SuperPinkyMandy does not try to mask its strict adherence to «formula». With a few minor exceptions, each track here gradually or quickly sets up a danceable «trip-hoppy» groove, sometimes faster, sometimes slower, against which the singer positions her vocals, usually echoey and ghostly, and almost always resolving into a repetitive, mantraic chorus. Around this chorus, even more ghostly backing vocals and various electronic or non-electronic effects cluster in unpredictable combinations, working towards a dizzifying neo-psychedelic feel. In this context, the role of the singer is reduced (lead vocal being only one equal part of everything else), and that is good — Beth Orton is credible, but she's nowhere near as uniquely interesting, personality-wise, as Beth Gibbons, for instance (just to name another Beth from the same era), and when she allows herself to be just a part of the scenery, «less» becomes «more».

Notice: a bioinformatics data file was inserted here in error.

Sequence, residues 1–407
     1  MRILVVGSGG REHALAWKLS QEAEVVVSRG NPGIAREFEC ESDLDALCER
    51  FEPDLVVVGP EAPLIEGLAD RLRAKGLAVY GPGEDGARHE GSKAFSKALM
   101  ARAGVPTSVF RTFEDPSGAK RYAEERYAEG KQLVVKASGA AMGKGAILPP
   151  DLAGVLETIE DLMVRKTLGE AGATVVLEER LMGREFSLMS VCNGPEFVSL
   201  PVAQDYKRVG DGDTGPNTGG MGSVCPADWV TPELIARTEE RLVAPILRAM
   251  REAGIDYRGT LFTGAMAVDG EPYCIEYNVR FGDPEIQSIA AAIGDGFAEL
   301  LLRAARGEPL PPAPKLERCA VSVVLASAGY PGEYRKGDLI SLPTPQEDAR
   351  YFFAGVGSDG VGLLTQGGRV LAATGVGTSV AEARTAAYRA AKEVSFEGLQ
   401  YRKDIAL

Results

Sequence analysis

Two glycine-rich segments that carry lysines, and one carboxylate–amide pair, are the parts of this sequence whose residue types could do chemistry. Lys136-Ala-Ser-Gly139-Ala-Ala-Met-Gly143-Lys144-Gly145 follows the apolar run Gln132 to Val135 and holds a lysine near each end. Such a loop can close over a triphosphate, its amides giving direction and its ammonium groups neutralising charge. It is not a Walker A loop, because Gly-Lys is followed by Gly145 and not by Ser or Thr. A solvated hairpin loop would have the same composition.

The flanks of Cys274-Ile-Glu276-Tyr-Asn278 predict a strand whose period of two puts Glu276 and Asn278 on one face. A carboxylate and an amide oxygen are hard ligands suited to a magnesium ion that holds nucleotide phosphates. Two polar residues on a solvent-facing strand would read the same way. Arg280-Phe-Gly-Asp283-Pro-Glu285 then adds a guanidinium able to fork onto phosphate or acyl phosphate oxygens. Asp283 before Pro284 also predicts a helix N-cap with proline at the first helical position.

Orton and Orbit first tested the water with a cover version — taking John Martyn's acoustic sentimentality ʽDon't Wanna Know 'Bout Evilʼ ("only wanna know 'bout love") and giving it the «Orbit touch». The result, with about four or five different keyboard parts, analog and digital alike, piled on top of the rhythmic groove, and Beth adding her «icy numb» vocals — suggesting that here is a woman that already has learned everything possible about evil, but nothing so far about love — is either inoffensively boring, or mildly mesmerizing, depending on the nature of your own senses, but at least the combination of ingredients is unique enough to allow for some intrigue, and then build it up from there.